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Kirill Ustinov
Kirill Ustinov

Shakespeare's Spy Downloads Torrent 'LINK'



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Shakespeare's Spy downloads torrent



The men obeyed, and the boat was backed off the whale just in time to escape the blow of its tremendous flukes as it dived into the sea, the blue depths of which were instantly dyed red with the blood that flowed in torrents from the wound.


Up it came again, foaming, breaching, and plunging from wave to wave, flinging torrents of blood and spray into the air. At one moment he reared his blunt gigantic head high above the sea; the next he buried his vast and quivering carcase deep in the gory brine, carrying down with him a perfect whirlpool of red foam. Then he rose again and made straight for the boat. Had he known his own power, he might have soon terminated the battle, and come off the victor, but fortunately he did not. Tim Rokens received his blunt nose on the point of his lance, and drove him back with mingled fury and terror. Another advance was made, and a successful lance-thrust delivered.


Bude also volunteered, and in a few minutes, having drunk a glassof wine and eaten a crust of bread, they and Mr. Macrae were hurryingtowards the cove. The storm was passing; by the time when theyreached p. 352the sea-sidethere were rifts of clear light in the sky above them. They hadwalked rapidly and silently, the swollen stream roaring beneath them. It had rained torrents in the hills. There was nothing to be said,but the mind of each man was busy with the gloomiest conjectures. These had to be far-fetched, for in a country so thinly peopled, andso honest and friendly, within a couple of miles at most from home,on a Sunday evening, what conceivable harm could befall a man and amaid?


Bergan was silent. Though not without some touchof family pride, derived from his mother, he had neverthelessbeen taught to believe all upright labor honorable, tohold that life was ennobled from within, by its motive andaim, rather than from without, by its place and form. Hecould not help suspecting, therefore, that his host,deliberately leading the narrow life of an overseer of slaves, onhis ancestral estate, was in reality a more degenerate sonof his house than the relative whom he so bitterlycontemned. Yet he foresaw that any attempt to defendGodfrey Bergan would but result in bringing down upon himselfa torrent of fierce, half-drunken vituperation. Seasonedvessel though he were, the Major's repeated draughts ofbrandy, very little diluted, had not been without effect, influshing his face, and inflaming his habitually irritabletemper. His present mood would ill brook contradiction.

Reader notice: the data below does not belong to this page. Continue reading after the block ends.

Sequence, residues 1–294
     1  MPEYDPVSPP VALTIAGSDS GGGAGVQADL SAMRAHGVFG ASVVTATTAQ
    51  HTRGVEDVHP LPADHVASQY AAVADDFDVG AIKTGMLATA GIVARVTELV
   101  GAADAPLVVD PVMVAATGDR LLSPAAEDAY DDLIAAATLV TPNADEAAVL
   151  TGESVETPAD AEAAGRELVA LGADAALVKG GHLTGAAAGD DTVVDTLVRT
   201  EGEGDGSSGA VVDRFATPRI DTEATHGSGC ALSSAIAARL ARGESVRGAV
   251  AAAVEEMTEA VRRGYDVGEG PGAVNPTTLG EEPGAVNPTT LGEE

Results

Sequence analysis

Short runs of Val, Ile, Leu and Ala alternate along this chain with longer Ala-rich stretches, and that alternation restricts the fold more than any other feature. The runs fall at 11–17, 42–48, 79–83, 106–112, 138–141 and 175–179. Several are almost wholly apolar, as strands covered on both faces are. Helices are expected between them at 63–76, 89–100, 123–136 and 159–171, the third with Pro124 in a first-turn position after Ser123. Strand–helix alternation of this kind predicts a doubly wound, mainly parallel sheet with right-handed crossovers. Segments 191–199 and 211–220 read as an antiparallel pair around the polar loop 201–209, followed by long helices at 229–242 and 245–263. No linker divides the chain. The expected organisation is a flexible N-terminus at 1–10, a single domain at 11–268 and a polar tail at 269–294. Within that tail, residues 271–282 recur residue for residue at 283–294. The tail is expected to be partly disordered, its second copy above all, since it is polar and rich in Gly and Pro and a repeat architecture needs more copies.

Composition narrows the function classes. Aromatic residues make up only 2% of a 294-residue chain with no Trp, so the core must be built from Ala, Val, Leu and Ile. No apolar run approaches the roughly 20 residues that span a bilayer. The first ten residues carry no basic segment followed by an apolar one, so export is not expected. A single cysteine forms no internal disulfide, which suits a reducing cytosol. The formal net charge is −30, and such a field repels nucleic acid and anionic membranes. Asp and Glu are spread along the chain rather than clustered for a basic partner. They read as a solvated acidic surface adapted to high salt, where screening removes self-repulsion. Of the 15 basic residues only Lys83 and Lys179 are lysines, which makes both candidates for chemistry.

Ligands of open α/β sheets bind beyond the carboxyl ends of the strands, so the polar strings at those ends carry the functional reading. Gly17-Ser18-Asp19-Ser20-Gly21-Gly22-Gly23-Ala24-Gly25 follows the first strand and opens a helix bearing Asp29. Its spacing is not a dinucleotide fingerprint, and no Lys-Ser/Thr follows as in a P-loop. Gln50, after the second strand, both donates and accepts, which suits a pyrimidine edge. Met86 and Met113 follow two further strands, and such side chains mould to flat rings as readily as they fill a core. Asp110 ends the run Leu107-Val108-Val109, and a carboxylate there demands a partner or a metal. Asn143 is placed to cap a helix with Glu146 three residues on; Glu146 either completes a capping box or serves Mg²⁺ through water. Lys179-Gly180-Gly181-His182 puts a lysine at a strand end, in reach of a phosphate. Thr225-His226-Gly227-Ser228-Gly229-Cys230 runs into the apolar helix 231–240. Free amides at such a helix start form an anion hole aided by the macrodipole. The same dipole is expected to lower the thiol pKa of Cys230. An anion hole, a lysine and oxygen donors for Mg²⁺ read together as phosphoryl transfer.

Amidst the numberless painful ideas pressing on Constance, that of her own singular situation now first occurred in its true colours. She viewed it [Page 78] as a dream. Immured in the chateau, the single sentiment of captivity and sorrow, absorbing every other, had formed an imaginary connexion between herself and the imprisoned Valmont. But now, that various objects and feelings divided her attention, she had some difficulty to recollect the force of her former impressions. Perhaps a latent sense of regret, on reflecting that by means of the marquis she had added a momentary pang to those already felt by her lover, contributed to estrange her from the former. But Valmont was not born to be the object of disgust. A natural eloquence, a low and pleasant voice, a sedateness of manner that had all the effect of reason with the wildness of fancy, soon conciliated the interest she was beginning to renounce. Hard indeed must have been the heart that could have resisted him! The weakness attending so painful an exertion as that of walking, had brought on a temporary inanity, rather than slumber, from which, as he slowly recovered, it was nevertheless visible he had derived refreshment. He began now to dwell upon events, which, while the torrents rushed by him, he had been unable to comprehend. There was something so affecting in his imperfect attempts at recollection, in his disjointed efforts to fix ideas, which, like shadows upon a wall, wavered and played before the yet unsteady lamp of reason, [Page 79] that Constance insensibly directed her efforts to the same point. Nor were they unsuccessful. All the objects of creation, as they began again to be visible to his eyes, resumed their natural influence over his heart. The long-forgotten image of his home, his native domain, to which Constance had in general terms assured him their journey was directed, kindled once more that secret, and inexplicable flame, which ever burns through the veins when we touch the circle with which our affections incorporate us.


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